Background: I am embarrassed how long it took me to realise A-IPA stood for American IPA. Anyway….. This was a hard wee Brewpub to find – they had several stashed around Beijing, but the one I hunted out was “Original 6” – the first they set up – tucked away in a hutong. I was glad that I a) had a map I had printed out on how to get to it and b) had maps in the hutong itself to compare it to, as this was tucked right in the backstreets and I was worried I was completely in the wrong area. I was not alone in this – while waiting for it to open I ran into two tourists looking at their smartphone map and wondering if they were lost, so I volunteered to show them where it was. Anyway, this was the first beer I tried, kicking back and relaxing after vast amounts of walking at the Great Wall the previous day. 1000 steps just to get to the wall. I earned this beer.

Panda Brew: 3B Brown Bear Beer Brown Ale (China: Brown Ale: 5.5% ABV)

Visual: Ruddy red brown. Large yellow brown head.

Nose: Dry and nutty. Sweet pecan pie. Malt chocolate.

Body: Nutty with slight nut oils. Sweet pecan pie. Malt chocolate.

Body: Nut oils. Moderate robust bitterness. Walnuts. Pecan pie and brown sugar.

Conclusion: The shout of “boring brown beer” Is a common refrain (and also 3Bs, akin to this beer’s name), however, while this beer does not have the widest range, I would be very hard pressed to call it a boring beer.

This is a dry delivered, nut dominated ale that keeps the balance between the dry crushed nuts style – akin to crushed dry roasted peanuts in a way – and the sweet pecan style counterpoints. The drier notes match the feel of the base well, and uses the sweeter notes as high points to keep it from getting leaden. It feels like it is aiming for a sessionable Brown ale, admittedly at slighter thicker body, and of course higher abv that that would suggest. The dryness makes it a very sippable beer early on, and warmth brings out a touch of brown sugar sweetness to accentuate the pecan styled notes.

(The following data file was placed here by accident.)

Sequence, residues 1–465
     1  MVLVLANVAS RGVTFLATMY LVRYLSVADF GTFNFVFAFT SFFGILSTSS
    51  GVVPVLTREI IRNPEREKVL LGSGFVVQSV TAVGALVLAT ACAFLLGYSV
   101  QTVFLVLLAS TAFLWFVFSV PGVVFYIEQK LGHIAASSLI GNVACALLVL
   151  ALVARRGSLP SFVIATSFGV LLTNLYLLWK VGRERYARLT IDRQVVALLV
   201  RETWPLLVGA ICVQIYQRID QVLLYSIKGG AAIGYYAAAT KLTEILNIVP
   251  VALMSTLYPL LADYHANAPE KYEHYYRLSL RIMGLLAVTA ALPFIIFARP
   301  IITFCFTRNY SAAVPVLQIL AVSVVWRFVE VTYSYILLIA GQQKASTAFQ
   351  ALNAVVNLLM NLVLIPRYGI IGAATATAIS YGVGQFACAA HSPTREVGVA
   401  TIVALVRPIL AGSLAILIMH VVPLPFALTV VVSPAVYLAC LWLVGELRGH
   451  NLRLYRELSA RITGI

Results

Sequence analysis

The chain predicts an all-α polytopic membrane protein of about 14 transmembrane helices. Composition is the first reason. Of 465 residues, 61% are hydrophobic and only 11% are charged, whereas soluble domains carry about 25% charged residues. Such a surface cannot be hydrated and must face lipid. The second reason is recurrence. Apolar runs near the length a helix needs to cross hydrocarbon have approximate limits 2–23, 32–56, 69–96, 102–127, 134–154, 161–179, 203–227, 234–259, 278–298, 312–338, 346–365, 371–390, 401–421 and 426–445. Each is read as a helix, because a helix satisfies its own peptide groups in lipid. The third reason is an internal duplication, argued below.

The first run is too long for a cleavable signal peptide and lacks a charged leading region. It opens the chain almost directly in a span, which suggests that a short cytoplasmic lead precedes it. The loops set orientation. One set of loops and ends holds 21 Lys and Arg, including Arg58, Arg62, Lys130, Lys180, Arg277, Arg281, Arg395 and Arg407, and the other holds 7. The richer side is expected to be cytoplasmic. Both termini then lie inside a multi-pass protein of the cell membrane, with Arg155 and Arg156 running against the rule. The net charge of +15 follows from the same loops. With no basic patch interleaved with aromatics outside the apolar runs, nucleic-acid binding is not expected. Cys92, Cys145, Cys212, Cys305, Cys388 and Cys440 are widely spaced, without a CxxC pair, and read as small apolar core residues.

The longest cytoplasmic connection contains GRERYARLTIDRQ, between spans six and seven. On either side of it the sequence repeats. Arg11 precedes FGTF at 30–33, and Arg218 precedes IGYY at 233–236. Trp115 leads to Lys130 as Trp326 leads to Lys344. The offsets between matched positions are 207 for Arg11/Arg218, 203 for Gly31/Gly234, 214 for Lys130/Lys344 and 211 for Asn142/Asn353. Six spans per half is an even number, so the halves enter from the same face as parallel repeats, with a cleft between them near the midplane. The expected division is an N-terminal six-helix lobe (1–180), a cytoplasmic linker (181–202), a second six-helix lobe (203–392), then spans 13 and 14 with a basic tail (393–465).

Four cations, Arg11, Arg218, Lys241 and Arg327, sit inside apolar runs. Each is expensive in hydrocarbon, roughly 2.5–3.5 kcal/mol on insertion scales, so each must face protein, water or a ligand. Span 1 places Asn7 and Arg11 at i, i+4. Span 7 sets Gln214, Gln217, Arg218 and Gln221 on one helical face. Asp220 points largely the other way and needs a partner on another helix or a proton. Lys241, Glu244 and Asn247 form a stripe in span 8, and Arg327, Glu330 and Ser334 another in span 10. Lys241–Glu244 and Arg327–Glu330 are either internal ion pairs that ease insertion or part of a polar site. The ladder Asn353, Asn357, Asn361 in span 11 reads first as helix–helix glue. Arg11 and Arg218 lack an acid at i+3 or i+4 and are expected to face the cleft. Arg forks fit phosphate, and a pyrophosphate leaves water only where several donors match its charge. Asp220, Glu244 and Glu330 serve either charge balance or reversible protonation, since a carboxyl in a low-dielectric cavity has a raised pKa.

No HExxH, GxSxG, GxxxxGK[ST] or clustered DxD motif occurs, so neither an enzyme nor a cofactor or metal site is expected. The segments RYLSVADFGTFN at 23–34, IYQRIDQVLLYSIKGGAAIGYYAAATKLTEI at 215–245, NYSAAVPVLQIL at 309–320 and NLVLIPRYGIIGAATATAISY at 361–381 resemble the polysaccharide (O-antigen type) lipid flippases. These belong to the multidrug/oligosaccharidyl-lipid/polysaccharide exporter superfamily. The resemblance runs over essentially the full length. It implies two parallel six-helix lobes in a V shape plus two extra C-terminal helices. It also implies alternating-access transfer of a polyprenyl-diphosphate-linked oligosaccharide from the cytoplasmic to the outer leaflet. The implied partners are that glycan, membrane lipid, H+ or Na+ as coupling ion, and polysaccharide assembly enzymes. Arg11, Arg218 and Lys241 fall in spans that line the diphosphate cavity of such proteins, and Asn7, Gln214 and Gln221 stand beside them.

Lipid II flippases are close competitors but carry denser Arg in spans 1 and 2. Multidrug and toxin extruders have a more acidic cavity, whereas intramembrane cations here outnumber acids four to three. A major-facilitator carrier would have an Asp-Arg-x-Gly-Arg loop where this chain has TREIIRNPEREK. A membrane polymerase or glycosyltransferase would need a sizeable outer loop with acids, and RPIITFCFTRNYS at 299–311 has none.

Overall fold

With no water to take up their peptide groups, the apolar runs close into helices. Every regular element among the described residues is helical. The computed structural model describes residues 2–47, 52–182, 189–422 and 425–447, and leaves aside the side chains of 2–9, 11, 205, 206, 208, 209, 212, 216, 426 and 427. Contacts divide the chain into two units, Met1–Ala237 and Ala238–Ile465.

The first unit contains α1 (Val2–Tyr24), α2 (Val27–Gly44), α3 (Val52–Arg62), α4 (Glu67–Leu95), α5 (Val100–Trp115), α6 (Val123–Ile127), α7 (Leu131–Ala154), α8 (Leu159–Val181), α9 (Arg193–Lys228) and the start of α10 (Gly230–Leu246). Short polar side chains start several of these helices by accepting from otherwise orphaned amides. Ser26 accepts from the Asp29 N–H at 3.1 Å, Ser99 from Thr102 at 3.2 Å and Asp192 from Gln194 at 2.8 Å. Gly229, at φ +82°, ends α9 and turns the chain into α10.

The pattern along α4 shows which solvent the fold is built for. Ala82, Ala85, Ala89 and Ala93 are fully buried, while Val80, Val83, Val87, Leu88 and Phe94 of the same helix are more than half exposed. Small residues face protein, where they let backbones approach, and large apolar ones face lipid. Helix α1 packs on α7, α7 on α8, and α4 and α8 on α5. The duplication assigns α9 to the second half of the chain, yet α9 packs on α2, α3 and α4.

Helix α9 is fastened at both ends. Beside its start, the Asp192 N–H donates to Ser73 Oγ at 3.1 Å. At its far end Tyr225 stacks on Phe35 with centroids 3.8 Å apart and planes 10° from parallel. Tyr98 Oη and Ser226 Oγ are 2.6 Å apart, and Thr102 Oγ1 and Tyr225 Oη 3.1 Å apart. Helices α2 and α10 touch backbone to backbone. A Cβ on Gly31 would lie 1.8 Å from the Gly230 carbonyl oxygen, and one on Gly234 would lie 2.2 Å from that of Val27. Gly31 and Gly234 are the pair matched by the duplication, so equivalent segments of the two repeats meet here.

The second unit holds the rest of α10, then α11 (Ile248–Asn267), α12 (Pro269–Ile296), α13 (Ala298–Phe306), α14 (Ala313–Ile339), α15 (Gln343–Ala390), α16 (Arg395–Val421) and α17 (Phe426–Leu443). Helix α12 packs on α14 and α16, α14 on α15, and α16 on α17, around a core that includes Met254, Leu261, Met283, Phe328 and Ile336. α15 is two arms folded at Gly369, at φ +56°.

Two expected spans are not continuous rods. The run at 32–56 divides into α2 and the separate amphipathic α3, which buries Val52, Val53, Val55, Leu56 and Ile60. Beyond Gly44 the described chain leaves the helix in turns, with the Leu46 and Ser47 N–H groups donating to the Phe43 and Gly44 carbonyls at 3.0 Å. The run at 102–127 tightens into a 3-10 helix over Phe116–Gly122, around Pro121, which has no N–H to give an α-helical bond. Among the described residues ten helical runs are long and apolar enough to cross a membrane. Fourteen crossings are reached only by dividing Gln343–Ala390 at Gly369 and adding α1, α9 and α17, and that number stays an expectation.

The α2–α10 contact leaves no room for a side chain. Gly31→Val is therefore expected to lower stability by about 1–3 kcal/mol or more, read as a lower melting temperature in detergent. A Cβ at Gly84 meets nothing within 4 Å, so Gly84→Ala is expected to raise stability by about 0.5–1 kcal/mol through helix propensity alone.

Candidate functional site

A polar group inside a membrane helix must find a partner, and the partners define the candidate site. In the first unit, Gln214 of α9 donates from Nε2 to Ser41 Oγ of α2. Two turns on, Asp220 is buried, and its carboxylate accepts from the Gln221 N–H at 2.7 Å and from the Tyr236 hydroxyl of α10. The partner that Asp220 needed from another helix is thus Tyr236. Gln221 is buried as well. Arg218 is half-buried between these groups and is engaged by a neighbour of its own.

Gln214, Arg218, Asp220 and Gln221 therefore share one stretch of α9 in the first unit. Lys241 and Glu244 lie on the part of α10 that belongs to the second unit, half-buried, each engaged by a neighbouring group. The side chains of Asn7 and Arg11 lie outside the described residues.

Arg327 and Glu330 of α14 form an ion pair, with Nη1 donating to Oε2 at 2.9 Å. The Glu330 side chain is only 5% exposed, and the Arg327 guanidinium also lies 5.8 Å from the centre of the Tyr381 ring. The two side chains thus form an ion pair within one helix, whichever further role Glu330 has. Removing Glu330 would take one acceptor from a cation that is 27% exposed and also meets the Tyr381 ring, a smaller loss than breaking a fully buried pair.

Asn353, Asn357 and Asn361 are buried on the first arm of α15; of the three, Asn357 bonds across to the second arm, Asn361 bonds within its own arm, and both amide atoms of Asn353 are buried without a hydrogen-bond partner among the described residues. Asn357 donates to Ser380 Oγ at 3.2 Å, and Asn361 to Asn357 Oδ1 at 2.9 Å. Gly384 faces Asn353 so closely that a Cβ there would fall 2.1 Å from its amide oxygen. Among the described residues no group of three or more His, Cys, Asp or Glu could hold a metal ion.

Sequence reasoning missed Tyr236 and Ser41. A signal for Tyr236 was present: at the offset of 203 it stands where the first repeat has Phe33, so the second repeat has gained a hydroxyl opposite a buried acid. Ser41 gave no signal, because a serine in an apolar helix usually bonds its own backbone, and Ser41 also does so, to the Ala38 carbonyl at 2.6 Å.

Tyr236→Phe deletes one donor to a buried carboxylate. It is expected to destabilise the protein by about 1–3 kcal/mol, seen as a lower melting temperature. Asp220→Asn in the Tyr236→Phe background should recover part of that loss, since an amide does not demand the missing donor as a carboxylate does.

It doesn’t rate as a must have beer – almost all the complexity is in the range of nuttiness it has, and it deals in only slight malt chocolate notes rounding it out – however due to its simple goals it manages to polish them well, and actually holds up well against western attempts to reinvent the brown ale as a craft beer. It doesn’t get lost in uber hopping, or trying to make the style radically different from its base, just does the basic idea with a more nutty and and a bit drier.

There is legs left in this oft overlooked style, and it seems China, or at least Panda Brew have seen that. Needs a bit more work to make a must have beer, but this seems a nice route to go.

Background: First beer notes from China holiday! This one, actually a beer drunk before I had even checked in. I had left my bags at the hotel, until I could check in that afternoon, then wandered Beijing. Then got lost. On a straight road. No seriously. I had entered a Hyper-mart for a quick snack, then didn’t realise I had wandered out of a different exit on a street at a right angle to the one I had come in on. Oops. Anyway, well and truly lost I was saved when I came across Panda brew brewpub. I had been planning to hit them later, so had printed out a map showing how to get to them from the hotel, so could follow that backwards. How lucky! Anyway, a Panda themed brewpub, with very friendly staff who had some English language knowledge which was very helpful for me. I decided to go for their Brown ale – it is an oft overlooked style by the craft scene, so thought it would be an interesting pick.